We've only explored about 5 percent of the ocean, according to the National Oceanic and Atmospheric Administration (NOAA). Indeed, we know so little about the ocean that there's a common joke that we know more about the moon and Mars than we do about this vast stretch of water here on Earth.

NOAA is slowly working change that with the Okeanos Explorer, the only federally funded vessel dedicated exclusive to learning more about the ocean. Recently, the Okeanos has been conducting operations in a region of the Gulf of Mexico. Much of that exploring if conducted by a remote-operated vehicle, like the one that took the video above.

In it, scientists were surprised to discover a dense forest of bamboo coral 7,545 feet (2,300 meters) beneath the surface near the west coast of Florida. This was the first time such a large collection of coral had been discovered in this region and at this depth.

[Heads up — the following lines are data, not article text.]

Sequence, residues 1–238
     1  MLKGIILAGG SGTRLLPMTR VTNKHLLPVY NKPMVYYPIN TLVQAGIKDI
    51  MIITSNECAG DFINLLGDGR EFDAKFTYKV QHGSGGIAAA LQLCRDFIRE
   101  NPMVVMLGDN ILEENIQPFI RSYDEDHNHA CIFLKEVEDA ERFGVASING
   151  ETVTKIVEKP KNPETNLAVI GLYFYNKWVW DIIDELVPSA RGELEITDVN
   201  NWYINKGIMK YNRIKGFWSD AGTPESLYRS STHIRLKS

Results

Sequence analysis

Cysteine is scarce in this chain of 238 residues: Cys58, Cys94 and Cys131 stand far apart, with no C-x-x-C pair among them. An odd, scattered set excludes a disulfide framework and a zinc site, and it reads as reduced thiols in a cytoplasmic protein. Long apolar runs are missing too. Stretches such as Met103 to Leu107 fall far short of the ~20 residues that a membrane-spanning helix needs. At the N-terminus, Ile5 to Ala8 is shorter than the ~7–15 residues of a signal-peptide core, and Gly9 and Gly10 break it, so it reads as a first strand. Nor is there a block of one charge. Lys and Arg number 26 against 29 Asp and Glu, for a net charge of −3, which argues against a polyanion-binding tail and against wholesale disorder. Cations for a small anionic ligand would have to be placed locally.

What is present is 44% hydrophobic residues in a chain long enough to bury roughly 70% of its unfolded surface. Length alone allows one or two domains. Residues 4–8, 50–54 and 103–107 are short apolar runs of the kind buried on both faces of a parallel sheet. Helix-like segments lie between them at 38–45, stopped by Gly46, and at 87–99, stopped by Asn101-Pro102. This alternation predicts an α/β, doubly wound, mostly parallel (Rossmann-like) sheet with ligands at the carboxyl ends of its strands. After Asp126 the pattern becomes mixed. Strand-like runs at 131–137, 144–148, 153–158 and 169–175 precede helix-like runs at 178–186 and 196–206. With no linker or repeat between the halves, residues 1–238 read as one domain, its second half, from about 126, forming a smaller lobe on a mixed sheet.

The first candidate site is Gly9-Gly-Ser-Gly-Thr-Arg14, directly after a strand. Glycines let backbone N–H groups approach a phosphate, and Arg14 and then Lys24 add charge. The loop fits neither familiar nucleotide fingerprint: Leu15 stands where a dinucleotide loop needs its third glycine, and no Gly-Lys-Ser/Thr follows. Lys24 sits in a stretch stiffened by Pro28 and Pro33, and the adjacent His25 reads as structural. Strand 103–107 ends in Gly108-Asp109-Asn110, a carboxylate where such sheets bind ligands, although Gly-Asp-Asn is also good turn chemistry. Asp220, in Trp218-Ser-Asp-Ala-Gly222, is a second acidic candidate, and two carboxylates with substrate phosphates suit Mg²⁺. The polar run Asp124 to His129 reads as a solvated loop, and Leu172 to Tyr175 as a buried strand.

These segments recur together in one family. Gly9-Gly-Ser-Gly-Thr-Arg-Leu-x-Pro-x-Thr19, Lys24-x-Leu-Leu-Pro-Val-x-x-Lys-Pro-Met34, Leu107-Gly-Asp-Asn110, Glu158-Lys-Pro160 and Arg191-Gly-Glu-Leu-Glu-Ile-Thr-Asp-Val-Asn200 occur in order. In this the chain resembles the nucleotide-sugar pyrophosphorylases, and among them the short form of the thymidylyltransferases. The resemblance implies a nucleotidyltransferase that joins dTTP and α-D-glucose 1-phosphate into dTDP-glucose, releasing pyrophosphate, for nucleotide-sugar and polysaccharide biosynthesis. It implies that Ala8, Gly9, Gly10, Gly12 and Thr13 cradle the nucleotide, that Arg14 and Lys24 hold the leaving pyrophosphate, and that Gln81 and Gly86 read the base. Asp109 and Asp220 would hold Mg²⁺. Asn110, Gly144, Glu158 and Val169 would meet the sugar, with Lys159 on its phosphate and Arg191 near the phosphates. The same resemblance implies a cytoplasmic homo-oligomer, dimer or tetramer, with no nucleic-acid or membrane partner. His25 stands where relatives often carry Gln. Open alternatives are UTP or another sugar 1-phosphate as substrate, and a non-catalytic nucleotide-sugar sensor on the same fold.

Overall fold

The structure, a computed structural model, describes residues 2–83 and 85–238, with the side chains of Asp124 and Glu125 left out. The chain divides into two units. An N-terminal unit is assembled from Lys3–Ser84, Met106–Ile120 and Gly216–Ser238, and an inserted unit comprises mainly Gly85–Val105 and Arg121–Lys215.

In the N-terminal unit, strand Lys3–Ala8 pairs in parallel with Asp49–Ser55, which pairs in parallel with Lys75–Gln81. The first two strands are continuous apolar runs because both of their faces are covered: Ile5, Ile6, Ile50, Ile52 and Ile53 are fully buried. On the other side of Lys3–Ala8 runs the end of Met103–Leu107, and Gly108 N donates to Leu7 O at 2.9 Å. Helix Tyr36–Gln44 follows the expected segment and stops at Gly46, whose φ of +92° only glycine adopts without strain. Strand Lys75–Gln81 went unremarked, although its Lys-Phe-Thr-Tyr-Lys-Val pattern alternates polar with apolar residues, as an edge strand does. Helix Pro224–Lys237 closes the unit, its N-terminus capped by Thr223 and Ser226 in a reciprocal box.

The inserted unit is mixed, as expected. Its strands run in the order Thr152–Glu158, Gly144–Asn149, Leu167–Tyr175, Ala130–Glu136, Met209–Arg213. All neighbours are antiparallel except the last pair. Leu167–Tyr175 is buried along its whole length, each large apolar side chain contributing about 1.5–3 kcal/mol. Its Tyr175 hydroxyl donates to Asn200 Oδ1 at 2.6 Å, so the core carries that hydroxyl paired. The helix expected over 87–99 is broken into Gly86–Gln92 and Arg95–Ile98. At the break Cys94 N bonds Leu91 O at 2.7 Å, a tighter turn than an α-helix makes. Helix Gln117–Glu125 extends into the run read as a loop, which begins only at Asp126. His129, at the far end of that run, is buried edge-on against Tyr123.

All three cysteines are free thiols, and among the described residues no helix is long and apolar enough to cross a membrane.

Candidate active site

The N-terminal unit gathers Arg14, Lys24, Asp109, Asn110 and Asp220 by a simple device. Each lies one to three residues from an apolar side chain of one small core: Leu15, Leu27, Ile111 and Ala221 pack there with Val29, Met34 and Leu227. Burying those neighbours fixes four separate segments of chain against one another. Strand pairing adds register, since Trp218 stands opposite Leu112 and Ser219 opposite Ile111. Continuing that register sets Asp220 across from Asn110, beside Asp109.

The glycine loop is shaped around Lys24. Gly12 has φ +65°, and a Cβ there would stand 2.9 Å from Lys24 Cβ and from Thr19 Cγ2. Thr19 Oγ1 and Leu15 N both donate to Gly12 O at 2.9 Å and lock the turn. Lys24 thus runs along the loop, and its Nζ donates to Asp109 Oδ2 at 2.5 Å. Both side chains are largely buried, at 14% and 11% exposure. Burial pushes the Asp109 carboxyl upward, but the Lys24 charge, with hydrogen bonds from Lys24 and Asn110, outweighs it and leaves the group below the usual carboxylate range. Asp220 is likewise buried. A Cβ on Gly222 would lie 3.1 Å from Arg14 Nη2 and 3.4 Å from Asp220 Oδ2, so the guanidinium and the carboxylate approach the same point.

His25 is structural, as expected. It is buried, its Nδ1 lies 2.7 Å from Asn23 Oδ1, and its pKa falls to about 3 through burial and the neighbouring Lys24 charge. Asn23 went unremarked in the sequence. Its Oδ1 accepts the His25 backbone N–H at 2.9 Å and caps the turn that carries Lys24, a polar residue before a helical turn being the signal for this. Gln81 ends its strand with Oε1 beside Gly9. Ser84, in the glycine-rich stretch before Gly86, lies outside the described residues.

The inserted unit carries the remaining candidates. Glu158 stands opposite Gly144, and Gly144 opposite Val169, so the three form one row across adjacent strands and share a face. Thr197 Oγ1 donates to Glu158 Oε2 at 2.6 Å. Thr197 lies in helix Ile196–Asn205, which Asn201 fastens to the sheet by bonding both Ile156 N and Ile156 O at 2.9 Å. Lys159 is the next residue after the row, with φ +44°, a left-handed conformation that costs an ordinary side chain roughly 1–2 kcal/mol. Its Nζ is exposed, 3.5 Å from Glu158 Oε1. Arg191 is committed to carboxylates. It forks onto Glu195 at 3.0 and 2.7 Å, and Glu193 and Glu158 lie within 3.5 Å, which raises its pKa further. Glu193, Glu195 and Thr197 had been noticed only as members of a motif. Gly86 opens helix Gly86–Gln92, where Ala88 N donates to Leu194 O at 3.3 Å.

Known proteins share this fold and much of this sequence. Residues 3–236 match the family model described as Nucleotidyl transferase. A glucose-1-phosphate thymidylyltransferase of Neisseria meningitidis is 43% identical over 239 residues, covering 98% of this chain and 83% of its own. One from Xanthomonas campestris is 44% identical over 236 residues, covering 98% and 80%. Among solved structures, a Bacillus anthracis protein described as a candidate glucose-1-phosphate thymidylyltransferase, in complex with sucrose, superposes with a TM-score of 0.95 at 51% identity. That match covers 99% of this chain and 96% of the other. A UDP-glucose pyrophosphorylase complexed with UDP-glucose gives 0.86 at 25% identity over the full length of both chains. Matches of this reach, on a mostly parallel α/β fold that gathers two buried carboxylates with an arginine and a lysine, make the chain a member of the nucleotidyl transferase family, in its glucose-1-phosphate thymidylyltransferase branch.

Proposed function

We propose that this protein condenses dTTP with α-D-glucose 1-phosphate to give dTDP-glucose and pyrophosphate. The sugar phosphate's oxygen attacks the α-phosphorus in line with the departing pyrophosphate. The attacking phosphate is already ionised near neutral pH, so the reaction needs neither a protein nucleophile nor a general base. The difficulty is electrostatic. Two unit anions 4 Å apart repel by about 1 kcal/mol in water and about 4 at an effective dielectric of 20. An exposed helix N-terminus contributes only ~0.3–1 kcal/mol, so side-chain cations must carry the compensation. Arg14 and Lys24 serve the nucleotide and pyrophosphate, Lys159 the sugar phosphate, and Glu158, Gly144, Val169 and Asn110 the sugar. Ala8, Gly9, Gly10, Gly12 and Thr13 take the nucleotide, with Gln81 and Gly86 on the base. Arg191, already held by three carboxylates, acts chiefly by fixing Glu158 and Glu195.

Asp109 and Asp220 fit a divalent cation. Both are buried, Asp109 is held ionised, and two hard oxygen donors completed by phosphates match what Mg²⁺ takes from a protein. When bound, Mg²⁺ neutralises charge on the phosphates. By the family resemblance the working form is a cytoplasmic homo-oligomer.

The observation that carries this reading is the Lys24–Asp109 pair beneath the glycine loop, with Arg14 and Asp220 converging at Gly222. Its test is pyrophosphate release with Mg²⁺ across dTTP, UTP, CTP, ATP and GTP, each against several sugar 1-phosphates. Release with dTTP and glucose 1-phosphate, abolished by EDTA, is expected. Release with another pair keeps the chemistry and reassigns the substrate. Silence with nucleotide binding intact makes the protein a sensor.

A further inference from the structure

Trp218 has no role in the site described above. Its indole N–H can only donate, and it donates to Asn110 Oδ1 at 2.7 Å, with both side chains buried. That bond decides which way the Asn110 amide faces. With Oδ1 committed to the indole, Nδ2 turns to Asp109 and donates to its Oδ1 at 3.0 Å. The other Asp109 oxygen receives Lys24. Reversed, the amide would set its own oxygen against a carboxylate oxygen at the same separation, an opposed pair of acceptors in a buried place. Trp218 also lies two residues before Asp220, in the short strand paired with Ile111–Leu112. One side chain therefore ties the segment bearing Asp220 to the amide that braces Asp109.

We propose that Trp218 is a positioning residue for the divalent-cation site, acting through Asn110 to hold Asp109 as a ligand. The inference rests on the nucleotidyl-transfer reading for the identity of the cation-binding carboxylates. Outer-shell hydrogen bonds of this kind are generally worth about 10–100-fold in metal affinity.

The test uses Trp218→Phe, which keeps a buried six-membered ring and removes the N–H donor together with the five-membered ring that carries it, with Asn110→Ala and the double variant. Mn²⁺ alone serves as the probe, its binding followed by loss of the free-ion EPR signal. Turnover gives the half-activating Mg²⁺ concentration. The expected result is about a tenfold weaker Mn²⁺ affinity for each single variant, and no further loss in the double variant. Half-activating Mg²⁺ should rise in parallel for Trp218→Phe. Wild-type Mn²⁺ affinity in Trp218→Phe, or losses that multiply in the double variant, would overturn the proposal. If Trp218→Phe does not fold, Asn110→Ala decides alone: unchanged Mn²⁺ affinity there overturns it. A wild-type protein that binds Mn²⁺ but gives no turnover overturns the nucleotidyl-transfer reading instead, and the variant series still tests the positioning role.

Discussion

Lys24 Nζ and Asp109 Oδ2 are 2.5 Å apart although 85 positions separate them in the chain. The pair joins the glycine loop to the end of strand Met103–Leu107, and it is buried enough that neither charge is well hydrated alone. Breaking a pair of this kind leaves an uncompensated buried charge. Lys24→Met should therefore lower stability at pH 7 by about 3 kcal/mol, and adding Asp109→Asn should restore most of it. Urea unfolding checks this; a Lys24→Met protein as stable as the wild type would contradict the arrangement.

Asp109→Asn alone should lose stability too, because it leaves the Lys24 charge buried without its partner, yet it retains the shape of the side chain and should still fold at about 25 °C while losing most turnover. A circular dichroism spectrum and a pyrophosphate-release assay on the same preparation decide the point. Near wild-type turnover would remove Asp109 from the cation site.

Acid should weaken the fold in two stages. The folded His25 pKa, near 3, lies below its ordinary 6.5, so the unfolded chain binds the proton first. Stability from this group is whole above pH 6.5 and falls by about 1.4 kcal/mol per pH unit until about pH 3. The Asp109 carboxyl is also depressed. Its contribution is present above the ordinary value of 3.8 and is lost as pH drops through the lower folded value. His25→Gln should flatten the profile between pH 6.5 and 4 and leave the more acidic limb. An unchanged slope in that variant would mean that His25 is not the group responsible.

The coral is growing along a ridge crest, lined up in such a way that allows them to take advantage of the nutrients swept through by the currents. This, along with other factors like the ridge's overall geology and food availability, have contributed to the coral's ability to thrive — and provide us with another surprising find as we chip away at the mystery of Earth’s oceans.

'Secret garden' of bamboo coral may be 1,000 years old
NOAA undersea exploration vessel Okeanos discovered a garden of bamboo coral in the Gulf of Mexico that may be 1,000 years old.